The boy who’d died in that pool had an older sister, who apparently moved into what had been his room in our new house because the walls and the carpet were pink. I’m the youngest in our family, so I got the last pick of the bedrooms. My friend assured me the pink room had in fact been the boy’s bedroom when he died, giving me two reasons to dread moving into it. But move in I did, and I’ll never forget my first night sleeping there.

            I woke up terrified, as if from a nightmare. It was still dark but I sensed there was someone in the room with me. The reason I couldn’t dismiss what happened next as the remnants of a dream was that I lay there wide awake for what seemed like hours. My eyes were peeled open and my heart was pounding. I was completely frozen with fear. Next to my bed was a digital clock, but it took me some time to work up the courage even to turn my head. Like I said, it was completely dark when I first woke up, but what finally prompted me to check the clock was the graying light of morning coming in through the window. It was before six. I began to calm down, hoping I might still get some more sleep before my alarm went off.

But that’s when I heard it. I immediately tried to ascribe the sound to the expansion of pipes. My stepdad must be up already, I thought, getting ready for work. He’s running hot water. Then I heard the sound again. If it was a pipe, then it had to have been running directly over my bed. I’d spent enough time in houses still under construction, seeing them as playgrounds of sorts, to know how unlikely that was. I lay there frozen in my bed as the rising sun gradually lit the pink walls of the room. The third time I heard the sound there was no mistaking what it was—the pathetic moan of a little boy. I didn’t budge again until over an hour later, when the room was fully lit by the morning. I never heard anything like that sound again as long as I lived there.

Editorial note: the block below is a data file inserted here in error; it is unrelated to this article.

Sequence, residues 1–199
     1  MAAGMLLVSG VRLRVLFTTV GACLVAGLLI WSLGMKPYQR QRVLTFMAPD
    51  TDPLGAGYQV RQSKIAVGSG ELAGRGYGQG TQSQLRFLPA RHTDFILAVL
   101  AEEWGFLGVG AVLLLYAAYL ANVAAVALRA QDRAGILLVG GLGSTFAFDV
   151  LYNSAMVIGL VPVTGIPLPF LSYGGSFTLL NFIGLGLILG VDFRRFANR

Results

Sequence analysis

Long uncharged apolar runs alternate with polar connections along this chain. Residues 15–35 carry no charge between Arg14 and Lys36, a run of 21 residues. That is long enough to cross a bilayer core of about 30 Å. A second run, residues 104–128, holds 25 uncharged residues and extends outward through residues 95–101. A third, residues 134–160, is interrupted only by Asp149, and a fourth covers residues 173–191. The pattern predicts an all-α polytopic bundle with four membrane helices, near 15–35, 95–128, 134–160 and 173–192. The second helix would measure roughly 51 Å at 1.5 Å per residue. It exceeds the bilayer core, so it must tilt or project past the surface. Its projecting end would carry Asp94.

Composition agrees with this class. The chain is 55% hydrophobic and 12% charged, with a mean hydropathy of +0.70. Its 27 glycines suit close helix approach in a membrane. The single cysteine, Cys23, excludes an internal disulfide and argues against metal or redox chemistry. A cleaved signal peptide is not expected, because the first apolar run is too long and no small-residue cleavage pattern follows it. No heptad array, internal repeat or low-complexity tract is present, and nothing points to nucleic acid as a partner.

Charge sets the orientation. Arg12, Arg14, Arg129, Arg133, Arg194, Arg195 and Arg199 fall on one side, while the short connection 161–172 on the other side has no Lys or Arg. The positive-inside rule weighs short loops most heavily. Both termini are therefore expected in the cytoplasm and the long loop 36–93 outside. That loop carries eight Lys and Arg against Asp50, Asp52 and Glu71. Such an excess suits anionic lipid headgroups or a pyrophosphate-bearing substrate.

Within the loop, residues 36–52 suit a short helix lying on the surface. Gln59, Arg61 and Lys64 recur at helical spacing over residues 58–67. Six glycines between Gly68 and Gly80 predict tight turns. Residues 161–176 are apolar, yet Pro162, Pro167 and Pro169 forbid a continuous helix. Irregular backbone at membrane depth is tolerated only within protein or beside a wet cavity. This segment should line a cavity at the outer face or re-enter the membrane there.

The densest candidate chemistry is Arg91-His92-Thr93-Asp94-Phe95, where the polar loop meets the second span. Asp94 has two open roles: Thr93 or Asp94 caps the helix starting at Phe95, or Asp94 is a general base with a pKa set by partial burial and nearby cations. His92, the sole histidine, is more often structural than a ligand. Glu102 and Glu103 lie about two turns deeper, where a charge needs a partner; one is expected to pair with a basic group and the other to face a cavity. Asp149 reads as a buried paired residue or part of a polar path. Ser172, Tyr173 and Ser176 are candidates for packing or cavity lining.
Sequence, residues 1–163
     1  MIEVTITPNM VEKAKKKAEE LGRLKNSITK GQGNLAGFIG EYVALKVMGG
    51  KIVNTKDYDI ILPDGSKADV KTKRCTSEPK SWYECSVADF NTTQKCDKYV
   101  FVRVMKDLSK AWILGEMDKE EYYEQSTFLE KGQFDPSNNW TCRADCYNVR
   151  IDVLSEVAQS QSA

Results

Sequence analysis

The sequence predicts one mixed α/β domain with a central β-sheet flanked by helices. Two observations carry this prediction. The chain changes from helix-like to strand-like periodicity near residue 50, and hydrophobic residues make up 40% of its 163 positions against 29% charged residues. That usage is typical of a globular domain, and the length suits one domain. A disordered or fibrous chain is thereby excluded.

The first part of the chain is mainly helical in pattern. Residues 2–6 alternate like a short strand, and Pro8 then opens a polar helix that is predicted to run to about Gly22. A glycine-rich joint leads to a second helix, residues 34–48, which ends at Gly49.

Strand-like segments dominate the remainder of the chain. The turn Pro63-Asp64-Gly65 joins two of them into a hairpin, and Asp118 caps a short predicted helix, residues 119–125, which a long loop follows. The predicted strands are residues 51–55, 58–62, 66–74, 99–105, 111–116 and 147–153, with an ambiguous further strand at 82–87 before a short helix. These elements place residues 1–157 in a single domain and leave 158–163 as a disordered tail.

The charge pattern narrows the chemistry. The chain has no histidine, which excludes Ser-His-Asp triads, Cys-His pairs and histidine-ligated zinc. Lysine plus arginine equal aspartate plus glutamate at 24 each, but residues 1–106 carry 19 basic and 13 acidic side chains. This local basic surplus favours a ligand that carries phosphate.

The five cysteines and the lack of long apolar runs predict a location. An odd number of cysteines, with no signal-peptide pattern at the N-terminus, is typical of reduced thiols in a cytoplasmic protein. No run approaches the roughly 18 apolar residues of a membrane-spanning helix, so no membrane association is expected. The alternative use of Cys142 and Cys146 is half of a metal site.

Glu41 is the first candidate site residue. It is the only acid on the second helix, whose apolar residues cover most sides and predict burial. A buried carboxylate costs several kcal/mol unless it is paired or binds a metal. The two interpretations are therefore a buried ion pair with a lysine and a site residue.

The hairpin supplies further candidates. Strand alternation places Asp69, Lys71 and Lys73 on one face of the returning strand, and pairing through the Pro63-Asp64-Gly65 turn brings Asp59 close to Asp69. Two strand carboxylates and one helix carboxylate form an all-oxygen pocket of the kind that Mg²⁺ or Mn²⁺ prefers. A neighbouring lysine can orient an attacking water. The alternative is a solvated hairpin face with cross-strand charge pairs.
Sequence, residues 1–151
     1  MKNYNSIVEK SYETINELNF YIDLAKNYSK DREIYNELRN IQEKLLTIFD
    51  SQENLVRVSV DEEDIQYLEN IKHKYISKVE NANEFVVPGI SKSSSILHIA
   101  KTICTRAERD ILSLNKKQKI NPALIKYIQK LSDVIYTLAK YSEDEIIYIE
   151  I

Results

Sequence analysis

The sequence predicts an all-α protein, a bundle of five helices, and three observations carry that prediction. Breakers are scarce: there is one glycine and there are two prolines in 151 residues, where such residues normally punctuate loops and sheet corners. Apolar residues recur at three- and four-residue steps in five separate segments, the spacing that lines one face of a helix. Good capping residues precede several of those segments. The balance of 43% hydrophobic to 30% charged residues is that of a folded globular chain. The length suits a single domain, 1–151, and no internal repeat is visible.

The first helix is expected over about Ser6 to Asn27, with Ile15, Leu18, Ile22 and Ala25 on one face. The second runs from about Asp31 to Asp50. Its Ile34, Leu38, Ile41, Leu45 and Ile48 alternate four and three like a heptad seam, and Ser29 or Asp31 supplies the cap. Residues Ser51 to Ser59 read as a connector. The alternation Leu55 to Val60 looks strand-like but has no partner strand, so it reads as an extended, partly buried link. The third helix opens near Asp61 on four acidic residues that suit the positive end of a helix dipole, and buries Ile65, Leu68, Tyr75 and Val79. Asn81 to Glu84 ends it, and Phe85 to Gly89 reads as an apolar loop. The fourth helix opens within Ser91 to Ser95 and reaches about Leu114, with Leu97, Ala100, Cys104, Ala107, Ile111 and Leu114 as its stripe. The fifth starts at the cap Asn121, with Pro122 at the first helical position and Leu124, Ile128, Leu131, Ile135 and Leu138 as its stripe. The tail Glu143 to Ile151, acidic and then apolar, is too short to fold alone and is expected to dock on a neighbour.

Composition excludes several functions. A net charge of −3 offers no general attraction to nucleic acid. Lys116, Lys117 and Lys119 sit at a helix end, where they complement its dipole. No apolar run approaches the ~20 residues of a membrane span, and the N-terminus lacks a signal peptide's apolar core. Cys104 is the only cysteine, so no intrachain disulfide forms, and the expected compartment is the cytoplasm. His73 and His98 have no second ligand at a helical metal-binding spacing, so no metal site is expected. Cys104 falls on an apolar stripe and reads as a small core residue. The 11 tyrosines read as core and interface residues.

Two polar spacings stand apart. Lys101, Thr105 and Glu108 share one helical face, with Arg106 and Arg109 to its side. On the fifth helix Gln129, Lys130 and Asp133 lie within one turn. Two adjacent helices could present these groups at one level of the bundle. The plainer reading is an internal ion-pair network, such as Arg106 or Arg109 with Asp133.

But there was another sound I heard that would keep me up through countless nights over the following years. Whenever the wind came up at night, I heard what I at first took to be tree branches scratching against the vinyl siding outside my room. I took this explanation for granted for a while. I still recall the first time it dawned on me, while I was pushing the lawnmower around after a night of particularly intense scratching, that there weren’t any trees or bushes remotely close to the siding. I turned the lawnmower off and began pushing and pulling at the vinyl slats, trying to reproduce the sound—not even close. After that, whenever I heard the scratching, it heralded a long, sleepless night.

            Years later, long after I’d moved to my dad’s house on Union Chapel Road, long after I had largely outgrown my fascination with ghosts and such things (sort of), I got in a conversation with my mom about my stepsister. Mom was mad at her because she was starting to skip her weekend visits to her dad’s house. As a teenager now myself, I tried to explain that it was perfectly natural for her to prefer spending weekends with her friends, that nothing sinister should be read into it. “No,” my mom said, “she says she can’t sleep here because she thinks there’s something scratching on the wall outside the bedroom.” She was talking about the pink bedroom--even though by then the walls had been painted.